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RealTime IT News

Israeli VC's Predict Bright Future

JERUSALEM -- Despite gloomy prospects for the short-term, two top Israeli venture capitalists said the current slowdown in financing for high-tech and Internet funding is providing a much-needed reality check from inflated expectations in the past.

Both speakers at the third monthly israel.internet.com InternetBreakfastForum told the audience of more than 150 that Israeli venture capitalists and Israeli technology companies are for the most part smarter and better prepared than a year ago.

"Last year seems like a long time ago," said Jonathan Medved, general partner of Israel Seed Partners, which has $258 million under management and more 40 active portfolio companies, including Compugen, Xacct and Chiaro. "Retreats like the ones we have seen - of 90-95 percent of value in some companies - are simply unprecedented."

He said his firm has closed several of its portfolio companies and is contemplating closing several more.

Speaker Gary Leibler, partner at AIG-Orion Fund, whose investors include Microsoft, 3Com, Global Crossing, Comcast and PMC-Sierra, said the worst is yet to come.

"Israel hasn't fully appreciated what is coming," he said. "Companies are still coming forward seeking huge valuations, but it just is not going to happen."

They also cited current statistics that indicated a significant drop in first quarter 2001 VC funding in Israel.

They each cited numerous mistakes VC's have made, such as not looking carefully enough at business plans, not seeking businesses with clear revenue models, stressing market share over profitability and racing to market.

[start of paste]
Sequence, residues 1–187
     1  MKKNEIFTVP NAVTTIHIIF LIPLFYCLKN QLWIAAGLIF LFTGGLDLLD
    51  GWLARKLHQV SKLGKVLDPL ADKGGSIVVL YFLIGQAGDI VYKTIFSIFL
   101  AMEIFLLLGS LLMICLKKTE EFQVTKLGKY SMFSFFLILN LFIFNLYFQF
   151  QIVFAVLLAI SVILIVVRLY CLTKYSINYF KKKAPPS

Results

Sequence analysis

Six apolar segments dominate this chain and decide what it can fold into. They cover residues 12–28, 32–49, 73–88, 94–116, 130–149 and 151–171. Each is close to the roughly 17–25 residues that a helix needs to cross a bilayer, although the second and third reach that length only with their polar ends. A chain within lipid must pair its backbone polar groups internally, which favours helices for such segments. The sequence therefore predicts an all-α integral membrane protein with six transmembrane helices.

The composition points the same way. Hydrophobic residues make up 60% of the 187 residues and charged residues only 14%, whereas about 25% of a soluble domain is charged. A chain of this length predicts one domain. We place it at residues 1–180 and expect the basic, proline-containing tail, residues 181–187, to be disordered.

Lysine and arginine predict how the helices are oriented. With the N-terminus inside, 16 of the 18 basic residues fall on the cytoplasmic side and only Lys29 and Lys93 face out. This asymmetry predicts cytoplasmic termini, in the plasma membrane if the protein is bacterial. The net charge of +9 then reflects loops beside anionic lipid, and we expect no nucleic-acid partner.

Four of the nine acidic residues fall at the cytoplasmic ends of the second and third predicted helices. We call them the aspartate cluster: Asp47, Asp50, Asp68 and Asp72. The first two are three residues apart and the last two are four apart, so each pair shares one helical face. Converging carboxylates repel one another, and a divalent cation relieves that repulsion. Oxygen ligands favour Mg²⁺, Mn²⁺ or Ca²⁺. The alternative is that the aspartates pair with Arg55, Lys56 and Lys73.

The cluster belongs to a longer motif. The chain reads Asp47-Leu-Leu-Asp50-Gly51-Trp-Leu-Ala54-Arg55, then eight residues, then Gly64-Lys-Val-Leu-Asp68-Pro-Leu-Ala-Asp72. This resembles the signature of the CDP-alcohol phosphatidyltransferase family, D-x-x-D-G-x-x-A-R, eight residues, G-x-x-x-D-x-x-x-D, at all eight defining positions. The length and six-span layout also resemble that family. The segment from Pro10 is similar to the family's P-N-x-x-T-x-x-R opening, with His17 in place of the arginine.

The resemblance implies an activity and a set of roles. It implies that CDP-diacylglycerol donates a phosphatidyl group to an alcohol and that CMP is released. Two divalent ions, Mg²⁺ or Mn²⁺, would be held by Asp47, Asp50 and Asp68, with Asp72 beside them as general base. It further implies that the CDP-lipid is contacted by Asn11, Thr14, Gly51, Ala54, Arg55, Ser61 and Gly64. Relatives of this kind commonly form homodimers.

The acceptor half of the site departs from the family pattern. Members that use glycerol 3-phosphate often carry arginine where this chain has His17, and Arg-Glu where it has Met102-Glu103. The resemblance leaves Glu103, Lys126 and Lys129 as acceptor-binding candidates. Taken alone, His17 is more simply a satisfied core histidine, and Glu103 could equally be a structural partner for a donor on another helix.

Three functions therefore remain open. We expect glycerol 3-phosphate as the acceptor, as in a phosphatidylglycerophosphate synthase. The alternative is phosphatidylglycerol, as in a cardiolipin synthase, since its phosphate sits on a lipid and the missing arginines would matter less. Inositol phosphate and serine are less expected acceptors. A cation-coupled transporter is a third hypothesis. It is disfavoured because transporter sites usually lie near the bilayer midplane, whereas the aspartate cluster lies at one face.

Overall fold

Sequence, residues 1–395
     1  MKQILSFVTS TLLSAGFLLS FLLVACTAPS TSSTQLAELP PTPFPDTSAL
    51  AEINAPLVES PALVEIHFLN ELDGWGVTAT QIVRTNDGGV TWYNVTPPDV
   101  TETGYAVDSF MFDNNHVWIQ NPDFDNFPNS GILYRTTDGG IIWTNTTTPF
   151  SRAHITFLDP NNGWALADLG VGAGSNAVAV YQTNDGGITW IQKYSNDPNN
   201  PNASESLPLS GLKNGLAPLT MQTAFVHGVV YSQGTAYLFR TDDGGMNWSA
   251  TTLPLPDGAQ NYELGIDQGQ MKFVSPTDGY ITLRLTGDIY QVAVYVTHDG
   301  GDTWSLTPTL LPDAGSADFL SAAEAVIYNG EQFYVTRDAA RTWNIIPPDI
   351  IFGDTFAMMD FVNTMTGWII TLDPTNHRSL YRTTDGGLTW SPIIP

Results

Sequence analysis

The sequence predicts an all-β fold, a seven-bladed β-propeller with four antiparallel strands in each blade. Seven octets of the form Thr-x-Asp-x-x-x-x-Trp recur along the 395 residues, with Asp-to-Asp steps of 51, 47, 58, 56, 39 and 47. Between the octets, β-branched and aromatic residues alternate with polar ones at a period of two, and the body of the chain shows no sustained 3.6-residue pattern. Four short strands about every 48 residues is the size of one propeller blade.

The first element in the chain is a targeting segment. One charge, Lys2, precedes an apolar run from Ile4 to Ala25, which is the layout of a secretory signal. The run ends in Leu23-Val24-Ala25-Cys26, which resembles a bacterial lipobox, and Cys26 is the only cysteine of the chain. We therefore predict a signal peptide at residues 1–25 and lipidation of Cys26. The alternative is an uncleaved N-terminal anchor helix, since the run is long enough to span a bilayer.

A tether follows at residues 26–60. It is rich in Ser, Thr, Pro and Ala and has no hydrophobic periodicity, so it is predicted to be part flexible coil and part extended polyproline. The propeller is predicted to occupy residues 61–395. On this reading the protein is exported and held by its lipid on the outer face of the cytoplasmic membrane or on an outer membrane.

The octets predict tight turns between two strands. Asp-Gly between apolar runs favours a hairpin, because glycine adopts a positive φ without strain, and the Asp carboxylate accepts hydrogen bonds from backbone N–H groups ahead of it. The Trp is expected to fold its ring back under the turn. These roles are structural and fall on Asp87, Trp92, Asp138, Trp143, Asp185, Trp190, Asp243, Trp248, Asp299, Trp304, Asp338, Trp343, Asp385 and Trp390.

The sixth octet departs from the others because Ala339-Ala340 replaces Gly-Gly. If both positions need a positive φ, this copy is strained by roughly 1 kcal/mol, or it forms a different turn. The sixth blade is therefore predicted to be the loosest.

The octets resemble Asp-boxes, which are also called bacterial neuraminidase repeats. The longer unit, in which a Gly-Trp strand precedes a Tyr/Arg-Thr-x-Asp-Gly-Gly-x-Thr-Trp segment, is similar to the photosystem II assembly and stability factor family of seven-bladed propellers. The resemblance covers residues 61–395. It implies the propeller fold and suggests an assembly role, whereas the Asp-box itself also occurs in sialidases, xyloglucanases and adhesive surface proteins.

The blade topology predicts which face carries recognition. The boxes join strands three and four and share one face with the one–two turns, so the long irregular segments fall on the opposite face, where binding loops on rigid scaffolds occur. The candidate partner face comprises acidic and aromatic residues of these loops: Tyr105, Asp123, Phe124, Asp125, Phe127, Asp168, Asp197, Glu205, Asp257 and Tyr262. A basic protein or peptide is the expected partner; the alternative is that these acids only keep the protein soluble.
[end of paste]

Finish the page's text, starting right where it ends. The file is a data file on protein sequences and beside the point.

Leibler said that last year's mantra of "time to market," the speed at which products must become viable, ahs been replaced by "time to survival," where companies must hold on until conditions improve.

They said that easy money the conditions of last year will not return.

"Was it temporary insanity?" Medved said. "No. It isn't going to happen again. We have returned to reality."

Each cited steps that entrepreneurs must take: build a strong team, develop a clear business plan and business model, develop financial stamina and - in a point they each stressed repeatedly - take the money when it is available.

And both said cases of companies that turned down money last year seeking higher valuations returned, hat in had, several months later, looking for anything they could get.

Leibler said smart VC's are now looking for useful partnerships, not just to go it alone, and are focusing on building companies, not simply looking for quick exits.

Furthermore, they stressed that Israel's remarkable track record of creating innovative technologies and building successful companies was not a one-time phenomenon. They said Israeli companies are strong in areas poised to grow in the future, including security, networking and optics. In addition, Israel is continuing to attract money from global players.

"It's never been easy here," Medved said, in a reference to social and political conditions, as well as the current business climate. "Israel thrives on adversity and will emerge strengthened from this."